The Armed Forces of El Salvador (FAES) carried out the disbandment of civil defense units in April and May 1992, but failed to meet the established deadlines to withdraw all its troops to the agreed-upon locations, citing logistical issues. ONUSAL successfully pressured them to fulfill their agreements (with one exception). Although they were nominally integrated into the FAES on schedule, the Treasury Police and National Guard failed to abandon their barracks by the established deadline. In response, the FMLN, which had been demobilizing on schedule, refused to complete the concentration of its forces to the agreed-upon locations until the FAES upheld the agreement.1 The Parties subsequently reached a negotiated agreement to concentrate forces in the established areas by 25 June 1992, and to present legislation to definitively abolish the National Guard and Treasury Police and establish a “Special Brigade for Military Security” (with no further transfers from military bodies to the National Civil Police) by 30 June 1992.2 The FAES indeed completed its concentration of forces on 26 June 1992, and it disbanded the Territorial Service by 30 July 1992. The FMLN also completed the concentration of combatants according to the agreement by 26 June 1992. Some small groups of armed and uniformed persons in support of “public security committees” remained outside the concentration sites, but with pressure from ONUSAL, these groups also complied with the concentration agreements by 30 August 1992. The second 20% of FMLN ex-combatants were demobilized on 24 September 1992.3 The FNML had 15,009 organized memberships of which 8,552 were combatants (2,485 or 29.06 % female combatants, 2,474 were wounded non-combatants and 3,983 were political personnel.4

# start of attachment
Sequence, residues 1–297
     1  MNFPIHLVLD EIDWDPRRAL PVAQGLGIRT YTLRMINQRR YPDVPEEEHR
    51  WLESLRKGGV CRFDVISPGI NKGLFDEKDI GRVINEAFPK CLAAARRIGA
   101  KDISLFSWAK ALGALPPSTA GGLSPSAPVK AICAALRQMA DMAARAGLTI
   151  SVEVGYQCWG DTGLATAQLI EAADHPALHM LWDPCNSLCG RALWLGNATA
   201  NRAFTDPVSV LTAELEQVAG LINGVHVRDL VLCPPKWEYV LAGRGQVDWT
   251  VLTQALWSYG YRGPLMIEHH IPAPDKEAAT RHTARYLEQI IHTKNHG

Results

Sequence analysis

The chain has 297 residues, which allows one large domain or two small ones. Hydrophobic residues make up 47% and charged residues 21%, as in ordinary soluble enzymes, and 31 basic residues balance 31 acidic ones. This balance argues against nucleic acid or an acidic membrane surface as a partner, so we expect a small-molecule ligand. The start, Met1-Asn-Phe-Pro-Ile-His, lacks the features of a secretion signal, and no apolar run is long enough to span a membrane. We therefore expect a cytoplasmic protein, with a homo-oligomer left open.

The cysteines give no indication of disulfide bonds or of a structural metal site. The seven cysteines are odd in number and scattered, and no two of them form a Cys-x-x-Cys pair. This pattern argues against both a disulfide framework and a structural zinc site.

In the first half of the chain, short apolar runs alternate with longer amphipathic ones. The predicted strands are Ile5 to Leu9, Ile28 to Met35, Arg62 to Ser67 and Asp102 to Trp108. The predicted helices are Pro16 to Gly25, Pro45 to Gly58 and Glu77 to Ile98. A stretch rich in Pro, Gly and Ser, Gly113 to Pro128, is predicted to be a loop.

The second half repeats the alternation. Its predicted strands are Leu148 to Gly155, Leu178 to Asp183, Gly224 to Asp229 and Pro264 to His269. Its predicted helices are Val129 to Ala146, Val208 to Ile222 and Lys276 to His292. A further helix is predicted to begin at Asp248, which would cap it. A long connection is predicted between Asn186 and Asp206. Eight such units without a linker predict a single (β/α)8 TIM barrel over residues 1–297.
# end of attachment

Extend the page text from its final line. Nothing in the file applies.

However, persisting delays in land transfers led the FMLN to suspend demobilization on 30 September 1992, promising not to resume until new dates were set for starting land transfers.5 The FAES had been progressing on the reduction of forces plan until late October 1992, when it suspended its demobilization in reaction to the FMLN’s suspension.6 With 31 October 1992, the original deadline to formally end the armed conflict, fast approaching, the office of the Secretary-General intervened and convinced the parties to set 15 December 1992 as the new date by which the FMLN would be fully demobilized and reintegrated and the FAES would be fully demobilized, reduced and purified, thus constituting the formal end of the armed conflict.7 The FMLN demobilized the third quintile of ex-combatants by 31 October 1992.8 As of 17 December 1992, a total of 8,876 FMLN combatants and 3,486 war handicapped and injured FMLN members were demobilized. On 23 December 1992, ONUSAL confirmed that the demobilization process reached its conclusion and the armed conflict between the Government of El Salvador and the FMLN formally ended on 15 December 1992.9